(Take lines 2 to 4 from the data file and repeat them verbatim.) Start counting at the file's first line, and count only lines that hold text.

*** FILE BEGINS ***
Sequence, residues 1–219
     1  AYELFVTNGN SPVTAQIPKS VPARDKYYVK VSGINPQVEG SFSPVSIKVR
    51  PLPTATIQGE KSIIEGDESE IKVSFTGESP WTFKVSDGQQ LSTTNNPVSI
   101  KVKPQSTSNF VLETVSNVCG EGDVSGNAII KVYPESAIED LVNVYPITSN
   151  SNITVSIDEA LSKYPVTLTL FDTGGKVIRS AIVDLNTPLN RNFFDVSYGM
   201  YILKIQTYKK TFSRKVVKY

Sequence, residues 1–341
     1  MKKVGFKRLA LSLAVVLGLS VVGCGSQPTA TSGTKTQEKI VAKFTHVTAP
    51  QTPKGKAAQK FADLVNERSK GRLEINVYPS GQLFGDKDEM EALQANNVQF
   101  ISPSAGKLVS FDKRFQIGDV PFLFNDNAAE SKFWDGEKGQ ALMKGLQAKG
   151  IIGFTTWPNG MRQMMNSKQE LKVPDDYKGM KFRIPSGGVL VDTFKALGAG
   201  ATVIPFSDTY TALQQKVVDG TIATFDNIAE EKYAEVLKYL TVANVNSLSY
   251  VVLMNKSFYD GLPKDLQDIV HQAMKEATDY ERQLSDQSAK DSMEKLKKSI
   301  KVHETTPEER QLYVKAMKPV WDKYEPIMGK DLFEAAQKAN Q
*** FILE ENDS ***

     1  AYELFVTNGN SPVTAQIPKS VPARDKYYVK VSGINPQVEG SFSPVSIKVR
    51  PLPTATIQGE KSIIEGDESE IKVSFTGESP WTFKVSDGQQ LSTTNNPVSI
   101  KVKPQSTSNF VLETVSNVCG EGDVSGNAII KVYPESAIED LVNVYPITSN